The removal of all or part of the NOx formed can be carried out according to any means known to those skilled in the art, and for example by stripping, bubbling or sparging. The latter methods consist in bubbling air and/or an inert gas, preferably a gas which is inert in the reaction mixture during and/or after step b). According to one most particularly preferred embodiment of the process of the present invention, the inert gas used is nitrogen. The amount and the flow rate of air and/or of inert gas used depend on many factors, such as the amount of reaction medium, the nitrite concentration and the sulfonic acid concentration. Those skilled in the art will know how to easily adjust said amount and the flow rate of air and/or of inert gas to be used.

By way of example, when the removal of the NOx is performed by bubbling with air or an inert gas, preferably an inert gas, the bubbling is carried out on the mixture resulting from step b), for example at a temperature between 0° C. and 100° C., preferably between 0° C. and 80° C., more particularly between 10° C. and 60° C., even more particularly between 10° C. and 50° C., for a period of between a few minutes and a few hours, preferably between 10 min and 12 hours, more particularly between 15 min and 8 hours, even more particularly between 30 min and 7 hours, for example between 30 minutes and approximately 6 hours.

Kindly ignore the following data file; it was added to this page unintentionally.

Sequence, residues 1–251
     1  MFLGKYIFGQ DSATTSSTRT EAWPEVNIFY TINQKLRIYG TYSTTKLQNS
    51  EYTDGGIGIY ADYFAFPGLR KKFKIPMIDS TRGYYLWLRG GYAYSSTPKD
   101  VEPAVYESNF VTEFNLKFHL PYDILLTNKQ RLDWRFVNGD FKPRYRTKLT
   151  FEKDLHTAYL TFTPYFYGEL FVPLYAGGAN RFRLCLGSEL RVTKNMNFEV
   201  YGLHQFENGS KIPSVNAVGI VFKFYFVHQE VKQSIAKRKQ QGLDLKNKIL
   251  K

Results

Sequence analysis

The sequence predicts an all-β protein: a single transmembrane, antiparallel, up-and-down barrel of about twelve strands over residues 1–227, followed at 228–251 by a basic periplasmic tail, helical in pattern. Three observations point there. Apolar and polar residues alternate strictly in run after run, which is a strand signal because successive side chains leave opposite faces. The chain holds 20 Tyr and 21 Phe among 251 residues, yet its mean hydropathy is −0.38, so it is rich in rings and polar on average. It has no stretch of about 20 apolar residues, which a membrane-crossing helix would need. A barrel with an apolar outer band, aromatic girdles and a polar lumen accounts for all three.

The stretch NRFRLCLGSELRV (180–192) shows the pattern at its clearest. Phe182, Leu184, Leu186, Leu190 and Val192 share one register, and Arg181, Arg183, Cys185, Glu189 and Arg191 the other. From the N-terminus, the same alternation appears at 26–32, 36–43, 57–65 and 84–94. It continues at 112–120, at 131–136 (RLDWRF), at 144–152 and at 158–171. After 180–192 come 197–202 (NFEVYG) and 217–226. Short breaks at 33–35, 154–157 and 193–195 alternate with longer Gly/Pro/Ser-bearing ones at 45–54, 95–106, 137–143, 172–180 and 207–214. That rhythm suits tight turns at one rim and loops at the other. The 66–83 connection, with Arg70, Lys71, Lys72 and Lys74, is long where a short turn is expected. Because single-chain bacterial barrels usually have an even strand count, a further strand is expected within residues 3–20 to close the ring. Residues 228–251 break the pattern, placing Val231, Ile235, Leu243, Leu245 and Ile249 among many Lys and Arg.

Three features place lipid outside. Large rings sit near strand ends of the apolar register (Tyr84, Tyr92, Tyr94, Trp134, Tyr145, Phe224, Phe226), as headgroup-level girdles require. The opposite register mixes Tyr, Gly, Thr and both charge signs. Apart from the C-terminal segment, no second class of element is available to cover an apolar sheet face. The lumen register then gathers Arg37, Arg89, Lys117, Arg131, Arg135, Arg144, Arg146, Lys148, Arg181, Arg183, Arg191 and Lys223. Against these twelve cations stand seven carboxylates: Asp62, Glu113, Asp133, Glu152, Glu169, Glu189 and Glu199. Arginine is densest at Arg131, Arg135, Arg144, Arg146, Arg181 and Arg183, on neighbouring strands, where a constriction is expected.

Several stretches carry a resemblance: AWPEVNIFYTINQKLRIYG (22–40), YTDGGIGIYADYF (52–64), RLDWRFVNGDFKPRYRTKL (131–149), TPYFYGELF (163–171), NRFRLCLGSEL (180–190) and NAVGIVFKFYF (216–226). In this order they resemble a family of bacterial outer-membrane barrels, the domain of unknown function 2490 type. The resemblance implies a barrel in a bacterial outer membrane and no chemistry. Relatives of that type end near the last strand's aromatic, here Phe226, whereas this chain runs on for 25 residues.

The step of removing the NOx can be performed one or more times, in a manner which is continuous, sequenced or alternating or even concomitant with step b) of curing the mixture. It is preferred to carry out the step of removing all or part of the NOx in one go during the curing step b). According to another preferred embodiment, the step of removing all or part of the NOx is carried out in one go after the curing step b).

The process according to the invention can be carried out batchwise or continuously. In the case of a continuous process, the sulfonic acid and the nitrite are preferably added in countercurrent mode. In the case of a batchwise process, the reactor can be equipped with any type of stirring, such as an anchor or impeller, and stirring by external loop.